Q. Isab. He hath forgotten me; stay, I Than sue for life unto a paltry boy.

am his mother. K. Edw. Third. Hence with the traitor! 2 Lord. That boots not; therefore, gentle with the murderer!

madam, go. Y. Mor. Base Fortune, now I see that in Q. Isab. Then come, sweet death, and rid thy wheel

me of this grief. There is a point, to which when men

E.rit. aspire,

Re-enter 1 Lord, with the head of Young They tumble headlong down: that point

Mortimer.
I toucli’d,

1 Lord. My lord, here is the head of MorAnd, seeing there was no place to mount

timer. up higher,

K. Edw. Third. Go fetch my father's Why should I grieve at my declining

hearse, where it shall lie; fall?

And bring my funeral robes. Farewell, fair queen; weep not for Mor

Ereunt Attendants. timer,

Accursed head, That scorns the world, and, as a traveller,

Could I have ruld thee then, as I do Goes to discover countries yet unknown.

now, K. Edw. Third. What! suffer you the Thou had'st not hatched this monstrous traitor to delay ?

treachery!(Young Mortimer is taken away.)

Here comes the hearse; help me to Q. Isab. As thou receivedst thy life from

mourn, my lords. me,

Re-enter Attendants with the hearse and Spill not the blood of gentle Mortimer! K. Edw. Third. This argues

that you

funeral robes. spilt my father's blood,

Sweet father, here unto thy murdered Else would you not entreat for Mortimer.

ghost Q. Isab. I spill his blood ? No!

I offer up this wicked traitor's head; K. Edw. Third. Aye, madam, you; for so And let these tears, distilling from mine the rumor runs.

eyes, Q. Isab. That rumor is untrue; for lov- Be witness of my grief and innocency. ing thee,

Exeunt. 3 immediately.

1 THOMAS DEKKER

THE SHOEMAKERS' HOLIDAY

1

Thomas Dekker (c. 1570–1637 or later) 1599, to another of Dekker's plays, the was a Londoner, possibly of Dutch descent. masque-like Old Fortunatus. Thus even the His name first appears early in 1598 in the playwrights of the people had their occasional diary of Philip Henslowe, proprietor of the social triumphs. Dekker took his story from Rose and Fortune theaters. Dekker was one a collection of three prose_tales on shoeof the most prolific of Henslowe's play-car- makers, The Gentle Craft (1598), by Thomas penters, for he is mentioned as sole author Deloney, whose position in the narrative-ficor collaborator in connection with forty-one tion of the day as a purveyor of romantically plays in the five years 1598–1602. The diary rose-colored, pseudo-realistic tales for the conalso throws a sad light on Dekker's hand-to- sumption of middle-class readers somewhat mouth existence, by its records of loans made corresponds to that of Dekker in the drama. by Henslowe, sometimes to rescue him from From the second of these stories, that of the the debtors' prison; there is reason to be- two royal shoemakers Crispine and Crispilieve that he was once confined for debt for anus, Dekker obtained the background of war, three years together. From 1603 to 1613 he the motive of the Lacy-Rose story, the shoeturned out a series of prose pamphlets, chiefly fitting episode, Rose's flight to the Lord on London life, vividly informing and force- Mayor's, and the final royal sanction of their ful in style. He drops out of sight early in marriage. From Deloney's account of Simon the thirties.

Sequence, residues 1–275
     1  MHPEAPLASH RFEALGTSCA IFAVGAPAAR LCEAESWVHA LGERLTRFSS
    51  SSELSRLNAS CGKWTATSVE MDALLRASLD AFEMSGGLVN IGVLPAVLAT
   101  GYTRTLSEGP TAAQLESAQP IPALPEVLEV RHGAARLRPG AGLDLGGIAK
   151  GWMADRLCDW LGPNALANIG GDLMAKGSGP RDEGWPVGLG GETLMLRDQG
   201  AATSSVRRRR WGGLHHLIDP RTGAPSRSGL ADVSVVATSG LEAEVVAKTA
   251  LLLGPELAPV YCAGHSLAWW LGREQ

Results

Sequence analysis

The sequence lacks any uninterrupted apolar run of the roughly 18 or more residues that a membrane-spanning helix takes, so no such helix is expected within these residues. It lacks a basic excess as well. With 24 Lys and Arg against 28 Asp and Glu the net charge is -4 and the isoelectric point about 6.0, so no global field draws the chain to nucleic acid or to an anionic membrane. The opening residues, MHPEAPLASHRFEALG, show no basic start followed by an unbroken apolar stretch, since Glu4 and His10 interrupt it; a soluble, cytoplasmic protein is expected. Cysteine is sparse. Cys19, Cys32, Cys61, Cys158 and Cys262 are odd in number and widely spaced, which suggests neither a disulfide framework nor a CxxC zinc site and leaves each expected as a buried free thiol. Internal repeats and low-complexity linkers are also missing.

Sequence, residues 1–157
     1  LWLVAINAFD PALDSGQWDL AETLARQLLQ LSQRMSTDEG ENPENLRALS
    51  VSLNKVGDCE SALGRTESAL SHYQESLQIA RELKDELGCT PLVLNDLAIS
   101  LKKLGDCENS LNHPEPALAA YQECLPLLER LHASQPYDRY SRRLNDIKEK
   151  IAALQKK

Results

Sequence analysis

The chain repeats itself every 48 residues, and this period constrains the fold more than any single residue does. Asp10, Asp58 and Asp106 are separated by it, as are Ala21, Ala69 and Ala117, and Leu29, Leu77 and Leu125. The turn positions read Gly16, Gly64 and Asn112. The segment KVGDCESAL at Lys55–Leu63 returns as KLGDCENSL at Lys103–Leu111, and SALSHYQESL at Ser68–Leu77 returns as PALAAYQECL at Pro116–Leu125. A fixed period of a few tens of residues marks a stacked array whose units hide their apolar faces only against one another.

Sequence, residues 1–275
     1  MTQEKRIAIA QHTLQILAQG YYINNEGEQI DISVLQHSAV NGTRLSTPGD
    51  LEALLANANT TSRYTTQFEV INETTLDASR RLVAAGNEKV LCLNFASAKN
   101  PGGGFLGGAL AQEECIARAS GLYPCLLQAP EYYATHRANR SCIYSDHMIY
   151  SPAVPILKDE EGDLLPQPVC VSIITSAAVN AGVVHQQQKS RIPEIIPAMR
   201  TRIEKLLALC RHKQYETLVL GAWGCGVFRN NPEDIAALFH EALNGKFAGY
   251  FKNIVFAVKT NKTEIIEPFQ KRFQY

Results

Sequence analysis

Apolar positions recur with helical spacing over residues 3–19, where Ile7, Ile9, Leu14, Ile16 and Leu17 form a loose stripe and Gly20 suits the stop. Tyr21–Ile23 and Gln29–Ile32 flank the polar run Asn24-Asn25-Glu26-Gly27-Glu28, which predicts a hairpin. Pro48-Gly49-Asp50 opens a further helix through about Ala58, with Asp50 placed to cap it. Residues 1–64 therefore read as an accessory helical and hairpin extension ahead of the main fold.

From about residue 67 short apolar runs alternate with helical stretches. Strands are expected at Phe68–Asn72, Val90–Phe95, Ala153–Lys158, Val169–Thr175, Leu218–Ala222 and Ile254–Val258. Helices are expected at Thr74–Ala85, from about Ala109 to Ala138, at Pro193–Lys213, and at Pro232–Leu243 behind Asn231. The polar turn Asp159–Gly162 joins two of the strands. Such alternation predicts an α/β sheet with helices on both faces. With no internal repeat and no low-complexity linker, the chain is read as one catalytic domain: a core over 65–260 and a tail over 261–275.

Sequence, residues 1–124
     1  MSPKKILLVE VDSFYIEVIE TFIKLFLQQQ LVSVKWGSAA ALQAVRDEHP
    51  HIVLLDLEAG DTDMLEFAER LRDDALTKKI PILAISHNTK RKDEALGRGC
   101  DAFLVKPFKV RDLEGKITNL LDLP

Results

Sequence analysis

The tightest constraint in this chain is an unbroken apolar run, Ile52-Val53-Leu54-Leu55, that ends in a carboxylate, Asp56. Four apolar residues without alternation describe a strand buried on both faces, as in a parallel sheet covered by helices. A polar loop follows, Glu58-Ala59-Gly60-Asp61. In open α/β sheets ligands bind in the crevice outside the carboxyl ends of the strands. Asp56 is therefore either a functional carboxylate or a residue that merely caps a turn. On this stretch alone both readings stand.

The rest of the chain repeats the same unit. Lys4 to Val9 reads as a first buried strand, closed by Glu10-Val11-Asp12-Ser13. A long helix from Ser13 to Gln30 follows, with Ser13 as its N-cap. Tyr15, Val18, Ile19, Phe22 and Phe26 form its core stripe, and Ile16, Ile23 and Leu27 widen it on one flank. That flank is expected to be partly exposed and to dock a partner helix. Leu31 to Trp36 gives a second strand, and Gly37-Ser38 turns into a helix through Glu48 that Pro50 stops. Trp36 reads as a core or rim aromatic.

Eyre, the madcap shoemaker of fower Street,

come practically all the figures and details of The Shoemakers' Holiday is the merriest the Eyre story, as well as the suggestion_for 'example of a sort of play very popular with the Ralph-Jane story, although Dekker reLondon playgoers of Erizabethan days the verses Deloney's situation of the lost wife rebourgeois comedy of London life,- citizens' turning from France to prevent her husband comedy, it has been called to distinguish it from marrying again. There are in 'he play from the romantic.comedy of Shakespeare, the three threads of narrative - a romantic lovesatirical humor-comedy of Ben Jonson, and story, a bourgeois love-story, and a picture of the tragicomedy of Beaumont and Fletcher. London life and manners, supplying the backSuch plays were written for the most part by ground The binding of the three Dekker acdramatists not so fortunate as these men, complishes skilfully enough according to who had established positions as writers for Elizabethan standards. The relations of Lacy the high-class theaters such as the Globe and and Ralph, first as soldiers enlisted for the the Blackfriars, and for a better class of audi- French war, second as employees of Eyre, tors than those which filled the more popular unite the first two. Hammon, appearing first houses like the Rose and the Fortune Dek- as the suitor of Rose, later as the lover of ker, Heywood, and, less representatively, Jane, furnishes another bond. It is Lacy, as Middleton are the best known members of a Hans, who is responsible for Eyre's first_comlarge group of playwrights who thus catered mercial success, which leads to Eyre's electo the theatrical wants of the common-peo- tion as sheriff. The Lord Mayor's entertainple, giving them in large measure pictures of ment of the new sheriff and his apprentices at the life which they lived.